We get seated for our 8pm reservation and a trolley o' meat comes rolling over. She is offering rib roast cooked in La Brasa's wood burning oven.
It comes with a cilantro chimichurri and is $3.50 an ounce. Despite the obscene $56/lb price tag (it's better when you don't do the math), I cannot resist a taste. Sadly, it was cold, dry and there was no hint of smoke from the fire. The chimichurri did little to improve the beef.
I ordered the La Brasa fried chicken ($17) with escargot- brown butter vinaigrette and Steve had the smoked bone in pork Milanese with mushy peas ($24).
My chicken was twice-cooked, Korean style, resulting in a crispy, crackly crust. The meat was flavorful, although a bit stringy. The escargot seemed to clash with the slightly-too-acidic vinaigrette. Any other day, I would have been happy with my dinner selection, however Steve's pork chop arrived first and it was phenomenally delicious.
It was a thick bone-in chop; the crispy breading contrasting with a juicy, succulent bite of smoky pork. I think I literally swooned. I kept stealing bites of his dinner and watched enviously as he gnawed on the bone at the end. I have been talking about the chop for 3 days now to anyone who asks "how was your weekend?"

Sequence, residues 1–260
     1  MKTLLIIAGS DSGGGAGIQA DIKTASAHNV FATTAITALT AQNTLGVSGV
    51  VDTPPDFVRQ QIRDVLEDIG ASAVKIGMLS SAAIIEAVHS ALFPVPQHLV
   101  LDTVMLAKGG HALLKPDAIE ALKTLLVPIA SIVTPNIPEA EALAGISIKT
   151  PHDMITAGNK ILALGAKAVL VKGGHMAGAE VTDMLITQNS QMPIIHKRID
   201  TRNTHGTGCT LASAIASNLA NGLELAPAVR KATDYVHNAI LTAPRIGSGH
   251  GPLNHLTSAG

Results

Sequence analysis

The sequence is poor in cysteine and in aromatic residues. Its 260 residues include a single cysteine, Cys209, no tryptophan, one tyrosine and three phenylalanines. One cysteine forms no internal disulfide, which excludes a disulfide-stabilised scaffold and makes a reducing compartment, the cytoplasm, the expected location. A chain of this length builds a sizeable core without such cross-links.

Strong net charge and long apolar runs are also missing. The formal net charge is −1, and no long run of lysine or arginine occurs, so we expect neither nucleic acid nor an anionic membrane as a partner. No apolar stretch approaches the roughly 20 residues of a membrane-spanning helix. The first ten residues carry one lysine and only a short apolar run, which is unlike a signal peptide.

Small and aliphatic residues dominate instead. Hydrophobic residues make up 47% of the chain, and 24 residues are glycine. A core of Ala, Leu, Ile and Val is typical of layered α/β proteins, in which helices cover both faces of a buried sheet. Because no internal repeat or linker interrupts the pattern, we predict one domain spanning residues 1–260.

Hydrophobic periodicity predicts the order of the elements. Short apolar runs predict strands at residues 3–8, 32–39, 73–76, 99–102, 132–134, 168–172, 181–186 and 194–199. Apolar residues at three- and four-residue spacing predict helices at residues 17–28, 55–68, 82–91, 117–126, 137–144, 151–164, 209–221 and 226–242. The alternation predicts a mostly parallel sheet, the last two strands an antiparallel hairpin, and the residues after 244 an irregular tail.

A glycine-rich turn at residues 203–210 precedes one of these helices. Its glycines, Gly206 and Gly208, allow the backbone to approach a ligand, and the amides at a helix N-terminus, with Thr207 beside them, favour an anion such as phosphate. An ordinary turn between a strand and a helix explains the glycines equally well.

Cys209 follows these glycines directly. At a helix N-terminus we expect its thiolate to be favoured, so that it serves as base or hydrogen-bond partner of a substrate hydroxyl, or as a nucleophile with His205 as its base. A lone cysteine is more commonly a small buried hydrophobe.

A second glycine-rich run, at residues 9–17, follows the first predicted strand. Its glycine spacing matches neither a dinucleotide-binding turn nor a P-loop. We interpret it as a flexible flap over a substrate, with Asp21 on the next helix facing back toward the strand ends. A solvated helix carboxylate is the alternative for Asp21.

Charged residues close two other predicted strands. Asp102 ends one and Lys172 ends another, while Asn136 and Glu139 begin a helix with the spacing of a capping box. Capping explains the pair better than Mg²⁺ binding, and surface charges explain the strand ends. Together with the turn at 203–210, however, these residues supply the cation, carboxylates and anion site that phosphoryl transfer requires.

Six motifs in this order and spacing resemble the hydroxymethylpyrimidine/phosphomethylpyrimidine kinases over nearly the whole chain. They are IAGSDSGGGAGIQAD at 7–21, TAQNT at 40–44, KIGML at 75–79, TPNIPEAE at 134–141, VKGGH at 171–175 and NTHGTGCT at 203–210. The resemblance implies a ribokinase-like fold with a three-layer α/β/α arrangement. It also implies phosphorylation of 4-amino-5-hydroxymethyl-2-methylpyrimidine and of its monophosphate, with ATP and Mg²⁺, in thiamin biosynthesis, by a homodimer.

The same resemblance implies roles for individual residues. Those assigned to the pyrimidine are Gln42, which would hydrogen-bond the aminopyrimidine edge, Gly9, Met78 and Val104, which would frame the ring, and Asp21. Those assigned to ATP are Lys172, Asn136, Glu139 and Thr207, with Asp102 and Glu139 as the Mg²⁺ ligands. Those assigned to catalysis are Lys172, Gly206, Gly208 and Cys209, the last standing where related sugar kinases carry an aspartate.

There were only two desserts offered; affogato (espresso poured over ice cream) and butterscotch pudding ($6). The server said the pudding was "rich and light, at the same time," which was an appropriate description. I loved that it was topped with rice krispies for a textural contrast. I will steal that idea for the next time I serve pudding.
I had dinner with a friend last night and she wanted to tell me about a restaurant I "have to try," when I started telling her about the pork chop and La Brasa, she laughed and said that was the restaurant she mentioned earlier.
Go, order the pork chop, and then tell everyone know you about how good it was.